e to be about," replied Mr. Lincoln, very soberly; and then turning to the Mayor, finished the remark by saying, "that fellow is from the country, and meant to be polite." "This is my husband," said a lady to Mr. Lincoln; "you must shake hands with him, for he is a member of the Illinois Legislature." "He might come from a worse State," replied Mr. Lincoln, taking the Illinois legislator by the hand, "but he could not have a better half." "Here is a man," said the Mayor, as a Mr. Cohen, from South Carolina advanced, "who is rather out of your bailiwick." "Here is my hand," Mr. Lincoln remarked, "we will shake hands for the Union." "You must let me shake hands with you, because I am as tall as you are," said a tall, gentlemanly-looking man. "I don't know about your being as tall," replied Mr. Lincoln, "let us measure." Mr. Lincoln wheeled his back about, and the two stood back to back. "You are an inch the tallest," exclaimed the Mayor. "I t
rk — speech of welcome by the Mayor--Mr. Lincoln's reply — Incidents, &c. A large crowd gathered in the Park, at New York, on Wednesday morning, to witness the official reception of the President elect. Mr. Lincoln arrived at a few minutes before eleven o'clock, in charge of the Committee of the Common Council, and was immediately escorted to the Governor's Rooms, where the Mayor and a few friends, with the members of the press, awaited his coming. He was introduced to the Mayor by Mr. Cornell, of the Board of Aldermen. The Mayor spoke as follows: The Mayor's speech. Mr. Lincoln: As Mayor of New York, it becomes my duty to extend to you an official welcome in behalf of the corporation. In doing so, permit me to say that this city has never offered hospitality to a man clothed with more exalted powers, or resting under graver responsibilities, than those which circumstances have devolved upon you. Coming into office with a dismembered Government to reconstruct, and a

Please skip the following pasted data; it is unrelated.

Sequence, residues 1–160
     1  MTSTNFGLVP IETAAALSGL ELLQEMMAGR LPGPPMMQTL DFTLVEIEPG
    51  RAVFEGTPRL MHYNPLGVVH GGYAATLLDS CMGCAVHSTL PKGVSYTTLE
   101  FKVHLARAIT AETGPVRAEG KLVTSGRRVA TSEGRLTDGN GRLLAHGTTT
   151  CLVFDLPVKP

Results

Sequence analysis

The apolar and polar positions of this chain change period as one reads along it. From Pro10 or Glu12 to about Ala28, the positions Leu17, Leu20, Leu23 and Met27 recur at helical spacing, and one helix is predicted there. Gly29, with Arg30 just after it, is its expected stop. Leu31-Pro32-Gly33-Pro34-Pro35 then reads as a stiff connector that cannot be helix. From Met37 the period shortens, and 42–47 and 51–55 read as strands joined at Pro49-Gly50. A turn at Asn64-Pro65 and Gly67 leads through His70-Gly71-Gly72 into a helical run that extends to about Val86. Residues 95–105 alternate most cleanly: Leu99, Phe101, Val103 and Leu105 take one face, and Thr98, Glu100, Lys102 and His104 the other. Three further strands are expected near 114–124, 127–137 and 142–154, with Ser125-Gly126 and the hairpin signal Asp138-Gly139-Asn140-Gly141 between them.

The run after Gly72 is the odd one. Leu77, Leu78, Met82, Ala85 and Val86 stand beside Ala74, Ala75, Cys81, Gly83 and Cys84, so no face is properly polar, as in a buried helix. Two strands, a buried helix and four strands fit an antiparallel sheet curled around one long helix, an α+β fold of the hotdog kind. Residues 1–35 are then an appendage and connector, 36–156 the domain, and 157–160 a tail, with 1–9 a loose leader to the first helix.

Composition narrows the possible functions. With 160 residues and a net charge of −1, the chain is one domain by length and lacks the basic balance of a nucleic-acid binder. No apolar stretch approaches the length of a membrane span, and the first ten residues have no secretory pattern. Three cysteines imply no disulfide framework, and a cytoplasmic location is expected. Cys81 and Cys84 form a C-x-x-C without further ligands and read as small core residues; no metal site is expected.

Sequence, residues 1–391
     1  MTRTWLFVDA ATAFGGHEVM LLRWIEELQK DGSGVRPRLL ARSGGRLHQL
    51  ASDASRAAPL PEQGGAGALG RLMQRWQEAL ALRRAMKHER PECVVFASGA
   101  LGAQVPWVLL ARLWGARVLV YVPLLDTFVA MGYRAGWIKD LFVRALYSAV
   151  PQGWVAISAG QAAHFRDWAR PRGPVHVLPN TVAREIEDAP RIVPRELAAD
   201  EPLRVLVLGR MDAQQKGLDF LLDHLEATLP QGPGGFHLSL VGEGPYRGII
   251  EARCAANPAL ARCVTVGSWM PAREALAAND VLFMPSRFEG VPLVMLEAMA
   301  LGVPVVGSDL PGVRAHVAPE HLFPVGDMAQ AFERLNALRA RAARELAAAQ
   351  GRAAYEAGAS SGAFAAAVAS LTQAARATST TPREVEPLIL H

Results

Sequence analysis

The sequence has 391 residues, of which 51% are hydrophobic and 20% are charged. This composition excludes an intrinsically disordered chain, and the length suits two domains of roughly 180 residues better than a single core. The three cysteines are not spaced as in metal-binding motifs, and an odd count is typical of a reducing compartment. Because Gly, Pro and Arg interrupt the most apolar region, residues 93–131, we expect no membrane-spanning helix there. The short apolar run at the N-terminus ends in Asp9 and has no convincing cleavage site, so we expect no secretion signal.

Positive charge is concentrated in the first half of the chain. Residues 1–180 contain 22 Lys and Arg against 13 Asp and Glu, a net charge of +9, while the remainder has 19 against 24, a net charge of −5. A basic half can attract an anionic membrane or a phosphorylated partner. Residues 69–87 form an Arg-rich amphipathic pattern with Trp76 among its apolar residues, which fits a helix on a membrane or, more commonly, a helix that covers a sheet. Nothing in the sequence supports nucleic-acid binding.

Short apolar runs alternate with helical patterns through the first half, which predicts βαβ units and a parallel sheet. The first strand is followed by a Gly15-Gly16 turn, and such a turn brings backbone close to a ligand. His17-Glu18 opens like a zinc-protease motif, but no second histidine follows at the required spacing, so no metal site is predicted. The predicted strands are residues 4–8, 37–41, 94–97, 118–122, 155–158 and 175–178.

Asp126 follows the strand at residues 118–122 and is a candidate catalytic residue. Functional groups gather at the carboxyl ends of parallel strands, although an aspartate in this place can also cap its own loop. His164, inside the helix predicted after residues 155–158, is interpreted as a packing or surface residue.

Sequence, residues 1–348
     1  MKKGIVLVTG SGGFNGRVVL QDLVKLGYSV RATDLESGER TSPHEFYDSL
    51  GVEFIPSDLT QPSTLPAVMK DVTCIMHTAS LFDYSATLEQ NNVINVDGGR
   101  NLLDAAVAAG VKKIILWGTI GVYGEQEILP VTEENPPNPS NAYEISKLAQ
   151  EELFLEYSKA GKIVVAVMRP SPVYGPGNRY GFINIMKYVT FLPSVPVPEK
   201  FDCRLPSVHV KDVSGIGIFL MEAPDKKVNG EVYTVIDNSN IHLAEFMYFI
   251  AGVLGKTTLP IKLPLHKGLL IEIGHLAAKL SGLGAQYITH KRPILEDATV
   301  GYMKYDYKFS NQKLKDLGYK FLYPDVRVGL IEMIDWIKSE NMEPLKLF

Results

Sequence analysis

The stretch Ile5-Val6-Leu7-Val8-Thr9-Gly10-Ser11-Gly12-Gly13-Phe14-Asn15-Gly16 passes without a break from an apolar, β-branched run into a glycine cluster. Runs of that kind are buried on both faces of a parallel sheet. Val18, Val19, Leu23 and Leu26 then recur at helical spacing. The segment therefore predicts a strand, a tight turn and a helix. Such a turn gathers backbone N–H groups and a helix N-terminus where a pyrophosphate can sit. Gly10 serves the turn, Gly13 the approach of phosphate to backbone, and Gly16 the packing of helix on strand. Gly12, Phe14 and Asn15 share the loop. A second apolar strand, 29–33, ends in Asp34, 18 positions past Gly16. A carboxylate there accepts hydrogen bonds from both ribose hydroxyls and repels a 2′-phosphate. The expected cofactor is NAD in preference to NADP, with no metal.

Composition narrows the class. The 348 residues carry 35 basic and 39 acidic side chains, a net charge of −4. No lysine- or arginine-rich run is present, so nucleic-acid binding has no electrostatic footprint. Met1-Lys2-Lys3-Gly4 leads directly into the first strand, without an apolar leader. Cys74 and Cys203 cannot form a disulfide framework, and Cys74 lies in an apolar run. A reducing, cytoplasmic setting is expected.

Burnley Henry (search for this): article 1
ne hundred thousand people were gathered along the line of march. The weather was cold, threatening snow. On arriving at the headquarters selected for him, the Continental Hotel, Mr. Lincoln was conducted to the balcony?and introduced to Mayor Henry. The noisy multitude below greeted his appearance with boisterous cheering, but both the Mayor's welcome and his reply were unheard excepting by those in the immediate vicinity. Mr. Lincoln displays great earnestness in his delivery, which caused the mass to reflect his views in deafening applause. The Mayor Intimates that there is a Crisis. Mayor Henry, in receiving Mr. Lincoln, referred to the calamitous condition of affairs, which left but few firesides without its dreadful visitations. The masses, said the Mayor, are weary and sick of the selfish schemes and wily plots of selfish politicians, and trust in the statesmanship and patriotism of President Lincoln to restore peace and prosperity. He regretted that the sho
Bob Lincoln (search for this): article 1